Think about how excruciatingly slow Joe Nathan works in a three-run game in early May. Think about how awful it was to watch Brad Penny. Even David Price — who is an amazing pitcher and should probably do beastly things for the Tigers in 2015 — works incredibly slow. There is room for baseball to improve the pace of the game.

A pitch clock is not the answer.

You could do the math to see what a 20-second pitch count will do to the slowest workers in baseball. David Price averaged just over 26 seconds between pitches last season. Chop six seconds off his 120-odd pitches in a start and you shave a full 12 minutes off in-game action. Put another slow-working starter opposite him and you've cut nearly half an hour off the game. Awesome, right?

Not entirely. First, Price is an extreme example. The league average pace between pitches was 23 seconds. Crude math from the above numbers estimates that a pitch clock would cut 12 minutes off the average game. Then you start to work out the number of ways a pitcher could circumvent the clock. They could throw over to first. Or the catcher could call time. Or the pitcher could pretend there's something in his eye. Or the pitcher could just drop the ball (if the bases are empty). That's a decent number of possibilities, and I'm not even getting creative yet.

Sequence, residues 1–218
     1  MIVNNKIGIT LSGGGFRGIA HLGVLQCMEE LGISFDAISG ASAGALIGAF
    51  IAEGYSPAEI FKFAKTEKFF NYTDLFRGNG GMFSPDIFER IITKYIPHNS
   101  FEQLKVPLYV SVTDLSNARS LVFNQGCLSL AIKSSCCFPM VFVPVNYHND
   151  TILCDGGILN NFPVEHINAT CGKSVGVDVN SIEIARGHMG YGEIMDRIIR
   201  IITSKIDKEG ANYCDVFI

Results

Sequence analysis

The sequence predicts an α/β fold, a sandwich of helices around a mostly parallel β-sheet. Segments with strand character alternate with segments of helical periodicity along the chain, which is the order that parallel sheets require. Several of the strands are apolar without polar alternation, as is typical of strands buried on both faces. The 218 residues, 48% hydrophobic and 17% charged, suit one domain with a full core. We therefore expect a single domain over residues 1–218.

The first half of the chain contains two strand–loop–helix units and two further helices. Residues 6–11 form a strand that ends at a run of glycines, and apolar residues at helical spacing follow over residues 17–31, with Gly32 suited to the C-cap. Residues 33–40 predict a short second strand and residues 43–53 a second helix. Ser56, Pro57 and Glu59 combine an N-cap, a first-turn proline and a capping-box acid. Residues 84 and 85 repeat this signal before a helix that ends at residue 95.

Regardless if these things actually have an impact on the length of the game, they all significantly depress the pace of the game. Waiting a few extra seconds for Nathan or Price to throw a pitch is awful, but six pickoff throws with Billy Butler on first base would be even worse. Ditto extra mound visits from Alex Avila.

That last paragraph is a bit of a strawman argument, but so is Major League Baseball's assertion that pitchers are the problem. Timing them may be the easiest solution — especially since it's technically already in the rule book — but it's hardly attacking the entire problem. Hitters are equally to blame. With more batting gloves and pine tar and other gear comes more mid-at-bat adjustments. Miguel Cabrera steps out of the batters box and re-straps his batting gloves after every pitch. Have you ever noticed this? It's slightly maddening, and I love Cabrera.

Advertising is also a big culprit. I could be wrong, but I don't believe that MLB.TV was a thing back in the 1950s and '60s. Not every game was on TV, and Viagra wasn't paying millions of dollars for a 30-second spot in between innings. Commercial breaks on Fox Sports Detroit are at least 90 seconds long — two minutes forward, 30 seconds back for the MLB.TV users out there — and get even longer during a national broadcast. Then there are commercials for pitching changes, and sometimes even for replay reviews. There isn't any hard evidence out there, but I imagine that all this advertising has had a negative impact on the length of games.

I am relatively ambivalent about the current pace of baseball, but I don't begrudge those that would like to see the game move a bit quicker. I just don't think that a pitch clock is going to have a significant influence on the game, nor do I like the idea of it potentially altering an important game. Could you imagine if Joe Nathan walked in a run because he took a couple seconds too long with the bases loaded? Yes, it's a one-in-a-million shot, but the baseball world would explode. Let him and other slow pitchers take the extra few seconds. Baseball already provides enough entertainment and drama.

What do you think? Should the pitch clock have a place in baseball?